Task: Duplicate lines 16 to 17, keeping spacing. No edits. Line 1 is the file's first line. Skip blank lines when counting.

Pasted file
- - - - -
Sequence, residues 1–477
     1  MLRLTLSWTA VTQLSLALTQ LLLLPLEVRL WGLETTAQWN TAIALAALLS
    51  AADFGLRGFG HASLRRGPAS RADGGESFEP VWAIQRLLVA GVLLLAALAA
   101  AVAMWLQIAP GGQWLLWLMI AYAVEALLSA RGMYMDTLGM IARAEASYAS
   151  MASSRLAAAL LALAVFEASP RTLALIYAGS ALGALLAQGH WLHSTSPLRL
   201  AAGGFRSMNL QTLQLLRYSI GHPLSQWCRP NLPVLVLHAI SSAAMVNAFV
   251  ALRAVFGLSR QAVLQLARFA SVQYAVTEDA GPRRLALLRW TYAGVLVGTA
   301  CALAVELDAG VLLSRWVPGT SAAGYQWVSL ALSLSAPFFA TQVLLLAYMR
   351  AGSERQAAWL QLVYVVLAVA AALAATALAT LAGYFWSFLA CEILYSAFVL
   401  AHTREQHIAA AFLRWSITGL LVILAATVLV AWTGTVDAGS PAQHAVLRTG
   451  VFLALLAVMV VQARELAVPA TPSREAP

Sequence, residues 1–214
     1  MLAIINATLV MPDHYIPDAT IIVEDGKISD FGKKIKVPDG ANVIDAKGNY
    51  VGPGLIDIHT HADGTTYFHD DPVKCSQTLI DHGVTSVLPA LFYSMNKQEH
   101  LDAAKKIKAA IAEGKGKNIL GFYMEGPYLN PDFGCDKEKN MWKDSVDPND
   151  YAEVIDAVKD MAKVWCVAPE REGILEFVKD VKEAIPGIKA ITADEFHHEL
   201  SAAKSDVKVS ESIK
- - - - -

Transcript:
   151  YAEVIDAVKD MAKVWCVAPE REGILEFVKD VKEAIPGIKA ITADEFHHEL
   201  SAAKSDVKVS ESIK